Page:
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Thread Stealing (was: Installing debian via network)



Michael Naumann <mnaumann@giga-stream.de> [2002-11-03 16:19:09 +0100]:
> 03.11.2002 04:29:40, Rob Weir <rweir@softhome.net> wrote:
> > [Please start a new thread for a new question, it makes it much easier
> > for people to follow the list and makes it more likely that you'll get
> > an answer.]
> 
> I'm not sure I understand what you want to say with this.
> Didn't I start a new thread.? Or was there already an equal named thread ?
> I'm quiet new to this list, so maybe I didn't get it.

This is not an uncommon confusion.  Can I have your ear for a moment?
Please let me explain.

You message can be reviewed in the archive:

  http://lists.debian.org/debian-user/2002/debian-user-200210/msg06497.html

There you can see that you generated that message as a reply.

  In-reply-to: <200210310931.KAA02370@mach.vub.ac.be>
  References: <20021031024723.HJCG14348.tomts22-srv.bellnexxia.net@there> <200210310931.KAA02370@mach.vub.ac.be>

You replied to a message "Re: blank LCD monitor".  Your message
referenced both it and the previous message in that thread.  In the
archive the references are also links.  If you click there you will go
to the referenced message.  But that is not all that being threaded
does for you.

Let's look at it from the threaded view.

  http://lists.debian.org/debian-user/2002/debian-user-200210/thrd13.html#06491

You message is threaded by virtue of being a reply in the thread of
discussion about "blank LCD monitor".  This is in the list archive.
But most mailers will show it the same way.  Your message will be
displayed as being part of the thread and the thread will be
manipulated in one action.  When I kill a thread in a mail reader it
kills the entire thread, your message as well, all at one time.

A little confusing in the archive, but not in mailers, is that the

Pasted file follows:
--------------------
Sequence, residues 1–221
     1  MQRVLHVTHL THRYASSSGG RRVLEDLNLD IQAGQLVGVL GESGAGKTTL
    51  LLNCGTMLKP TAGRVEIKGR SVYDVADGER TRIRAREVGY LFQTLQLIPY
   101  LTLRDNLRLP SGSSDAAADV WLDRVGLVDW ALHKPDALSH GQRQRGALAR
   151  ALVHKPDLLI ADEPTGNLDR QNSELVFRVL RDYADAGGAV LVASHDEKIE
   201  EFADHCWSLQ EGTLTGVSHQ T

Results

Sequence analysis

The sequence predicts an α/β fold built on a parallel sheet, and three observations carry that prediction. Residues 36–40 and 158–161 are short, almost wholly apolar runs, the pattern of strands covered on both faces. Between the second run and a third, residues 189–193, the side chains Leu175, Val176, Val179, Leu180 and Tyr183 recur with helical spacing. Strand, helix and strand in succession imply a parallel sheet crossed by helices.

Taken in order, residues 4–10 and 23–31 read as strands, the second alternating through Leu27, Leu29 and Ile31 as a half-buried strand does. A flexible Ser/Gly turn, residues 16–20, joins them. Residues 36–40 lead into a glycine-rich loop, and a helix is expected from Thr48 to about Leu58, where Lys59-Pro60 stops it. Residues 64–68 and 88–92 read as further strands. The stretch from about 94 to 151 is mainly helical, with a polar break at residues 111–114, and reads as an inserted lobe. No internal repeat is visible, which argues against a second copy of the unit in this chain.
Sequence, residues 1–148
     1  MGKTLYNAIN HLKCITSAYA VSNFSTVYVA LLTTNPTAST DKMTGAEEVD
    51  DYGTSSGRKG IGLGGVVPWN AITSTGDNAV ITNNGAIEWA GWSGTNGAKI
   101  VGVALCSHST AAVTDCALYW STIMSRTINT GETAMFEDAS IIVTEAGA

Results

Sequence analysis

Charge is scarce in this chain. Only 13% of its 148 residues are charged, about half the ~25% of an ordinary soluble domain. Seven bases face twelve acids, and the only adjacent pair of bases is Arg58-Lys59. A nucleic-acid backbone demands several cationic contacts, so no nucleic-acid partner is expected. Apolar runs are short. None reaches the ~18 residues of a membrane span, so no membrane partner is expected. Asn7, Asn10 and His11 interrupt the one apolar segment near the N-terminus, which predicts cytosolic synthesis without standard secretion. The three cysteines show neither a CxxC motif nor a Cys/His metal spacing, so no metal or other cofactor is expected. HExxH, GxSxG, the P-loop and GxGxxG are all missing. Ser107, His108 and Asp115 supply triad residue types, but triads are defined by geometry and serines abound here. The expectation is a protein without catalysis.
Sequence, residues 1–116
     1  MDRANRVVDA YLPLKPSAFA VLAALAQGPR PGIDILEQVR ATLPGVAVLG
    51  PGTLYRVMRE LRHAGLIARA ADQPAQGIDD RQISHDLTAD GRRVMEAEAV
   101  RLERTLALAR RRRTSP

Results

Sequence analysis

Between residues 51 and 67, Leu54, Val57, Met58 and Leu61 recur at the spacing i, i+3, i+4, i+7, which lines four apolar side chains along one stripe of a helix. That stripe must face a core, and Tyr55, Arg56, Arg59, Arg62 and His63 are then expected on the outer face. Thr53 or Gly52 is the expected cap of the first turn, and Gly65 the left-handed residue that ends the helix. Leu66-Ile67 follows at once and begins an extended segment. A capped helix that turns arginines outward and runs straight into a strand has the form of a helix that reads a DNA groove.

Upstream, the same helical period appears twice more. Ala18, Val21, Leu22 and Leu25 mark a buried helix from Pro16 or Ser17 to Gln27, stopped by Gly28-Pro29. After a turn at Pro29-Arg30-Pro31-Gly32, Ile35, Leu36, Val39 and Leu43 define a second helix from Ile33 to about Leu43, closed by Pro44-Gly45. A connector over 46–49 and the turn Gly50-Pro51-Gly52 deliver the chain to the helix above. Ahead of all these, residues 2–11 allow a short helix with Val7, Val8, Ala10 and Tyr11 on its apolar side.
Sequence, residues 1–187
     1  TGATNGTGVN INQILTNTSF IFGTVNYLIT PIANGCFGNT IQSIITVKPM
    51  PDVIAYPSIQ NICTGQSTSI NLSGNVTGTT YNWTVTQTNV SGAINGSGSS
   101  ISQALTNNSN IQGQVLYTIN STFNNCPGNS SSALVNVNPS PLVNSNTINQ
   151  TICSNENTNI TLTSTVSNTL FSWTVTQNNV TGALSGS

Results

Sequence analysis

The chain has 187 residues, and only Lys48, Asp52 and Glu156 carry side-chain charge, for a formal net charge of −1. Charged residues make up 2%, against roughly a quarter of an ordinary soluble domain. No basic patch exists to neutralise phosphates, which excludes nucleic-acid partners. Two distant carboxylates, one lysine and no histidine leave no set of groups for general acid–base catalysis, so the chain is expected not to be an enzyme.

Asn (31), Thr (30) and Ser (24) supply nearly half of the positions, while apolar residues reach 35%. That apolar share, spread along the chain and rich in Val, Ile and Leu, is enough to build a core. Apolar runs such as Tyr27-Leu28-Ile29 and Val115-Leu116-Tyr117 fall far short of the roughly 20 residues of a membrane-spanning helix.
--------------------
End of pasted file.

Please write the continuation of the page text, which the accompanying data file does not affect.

archive splits over months and so the next month contains Rob's reply
and there is no archive threading across months.  But mailers will
display it since all of the messages are in a mailbox until you delete
them.  Normally in a mail reader the entire thread would be shown.

Therefore you did not start a new thread.  You replied to a previous
one and only changed the subject.  Changing the subject does not start
a new thread.  It just changes the subject.  Threads are maintained by
the "References:" headers.

If you want to start a new thread then you need to either 1) start a
new message and send it to the list, which is the preferred method.
Or 2) be sure to change the subject, delete the In-Reply-To: header,
delete the References: header.  The first option certainly seems
easier then doing the second option.

In general what you did by replying to an existing thread is called
"thread stealing".  That is considered a rudeness.  It is like barging
into conversation between other people in the middle, interrupting
them, and then shooting off in a completely different direction.
Right there in the middle of a discussion is this other person trying
to start something up!  How rude!  You can see how that could be
viewed that way.

Is it always rude to thread steal by changing the subject?  No, and
many times changing the subject is the right thing to do.  To be
specific just changing the subject is not the same as thread stealing.
When thread drift occurs this is frequently appropriate.  A discussion
of one thing mutates into a discussion of something else but perhaps
not of interest to the original thread.  Therefore the author will
change the subject to show this.  This is not really thread stealing
because the flow was directly connected to the original thread.  It is
just the drift of discussion.

A real example from not too long ago was a thread titled "Make Debian
better" which drifted into a discussion about broken home and end
keys.  csj correctly kept the same thread but politely changed the
subject to "Home and end keys (was Re: Make Debian better)" so that we
reading the discussion could see exactly how the discussion flowed.  A
good illustration of when changing the subject was quite appropriate.

I myself in this message am doing this.  Since this message itself has
nothing to do with installing debian but only with a subtopic I have
changed the subject line.  But it flowed out of the original thread of
discussion and I expect it to be threaded with it.  But to give
readers a topic I have titled the subject with what I thought was most
appropriate.  People not interested will skip it.  Or perhaps people
that are interested will read it when they would not have read the
previous part of the thread of discussion.  There is actually quite a
bit of order to the seeming chaos of a usenet discussion.

Hope this helps.

Bob

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